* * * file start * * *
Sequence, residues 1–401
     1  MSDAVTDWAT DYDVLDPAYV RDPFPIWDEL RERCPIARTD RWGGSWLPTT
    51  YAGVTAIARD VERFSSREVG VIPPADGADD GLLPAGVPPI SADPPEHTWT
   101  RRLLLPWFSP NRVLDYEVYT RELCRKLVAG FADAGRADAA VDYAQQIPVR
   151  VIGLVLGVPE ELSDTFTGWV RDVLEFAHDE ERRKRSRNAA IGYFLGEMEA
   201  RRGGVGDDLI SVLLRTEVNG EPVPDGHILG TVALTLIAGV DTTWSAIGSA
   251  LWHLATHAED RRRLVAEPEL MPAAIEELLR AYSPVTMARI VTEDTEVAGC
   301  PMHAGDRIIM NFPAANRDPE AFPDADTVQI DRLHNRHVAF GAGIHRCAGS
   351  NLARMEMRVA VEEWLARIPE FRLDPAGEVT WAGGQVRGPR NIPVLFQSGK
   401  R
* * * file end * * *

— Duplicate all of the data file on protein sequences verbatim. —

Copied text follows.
Sequence, residues 1–401
     1  MSDAVTDWAT DYDVLDPAYV RDPFPIWDEL RERCPIARTD RWGGSWLPTT
    51  YAGVTAIARD VERFSSREVG VIPPADGADD GLLPAGVPPI SADPPEHTWT
   101  RRLLLPWFSP NRVLDYEVYT RELCRKLVAG FADAGRADAA VDYAQQIPVR
   151  VIGLVLGVPE ELSDTFTGWV RDVLEFAHDE ERRKRSRNAA IGYFLGEMEA
   201  RRGGVGDDLI SVLLRTEVNG EPVPDGHILG TVALTLIAGV DTTWSAIGSA
   251  LWHLATHAED RRRLVAEPEL MPAAIEELLR AYSPVTMARI VTEDTEVAGC
   301  PMHAGDRIIM NFPAANRDPE AFPDADTVQI DRLHNRHVAF GAGIHRCAGS
   351  NLARMEMRVA VEEWLARIPE FRLDPAGEVT WAGGQVRGPR NIPVLFQSGK
   401  R